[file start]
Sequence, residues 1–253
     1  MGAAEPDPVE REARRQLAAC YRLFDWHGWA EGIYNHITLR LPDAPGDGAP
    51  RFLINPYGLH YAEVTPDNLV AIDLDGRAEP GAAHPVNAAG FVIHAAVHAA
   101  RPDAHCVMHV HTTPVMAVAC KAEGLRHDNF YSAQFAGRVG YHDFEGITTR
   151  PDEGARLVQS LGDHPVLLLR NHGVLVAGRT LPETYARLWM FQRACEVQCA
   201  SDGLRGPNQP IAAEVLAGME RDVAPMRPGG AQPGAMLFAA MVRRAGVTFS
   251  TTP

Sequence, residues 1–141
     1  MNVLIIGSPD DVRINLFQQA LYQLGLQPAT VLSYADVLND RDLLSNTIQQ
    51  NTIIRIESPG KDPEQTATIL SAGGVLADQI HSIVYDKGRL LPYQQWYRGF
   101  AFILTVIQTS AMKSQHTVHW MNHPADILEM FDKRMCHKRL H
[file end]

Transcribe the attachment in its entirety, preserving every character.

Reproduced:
Sequence, residues 1–253
     1  MGAAEPDPVE REARRQLAAC YRLFDWHGWA EGIYNHITLR LPDAPGDGAP
    51  RFLINPYGLH YAEVTPDNLV AIDLDGRAEP GAAHPVNAAG FVIHAAVHAA
   101  RPDAHCVMHV HTTPVMAVAC KAEGLRHDNF YSAQFAGRVG YHDFEGITTR
   151  PDEGARLVQS LGDHPVLLLR NHGVLVAGRT LPETYARLWM FQRACEVQCA
   201  SDGLRGPNQP IAAEVLAGME RDVAPMRPGG AQPGAMLFAA MVRRAGVTFS
   251  TTP

Sequence, residues 1–141
     1  MNVLIIGSPD DVRINLFQQA LYQLGLQPAT VLSYADVLND RDLLSNTIQQ
    51  NTIIRIESPG KDPEQTATIL SAGGVLADQI HSIVYDKGRL LPYQQWYRGF
   101  AFILTVIQTS AMKSQHTVHW MNHPADILEM FDKRMCHKRL H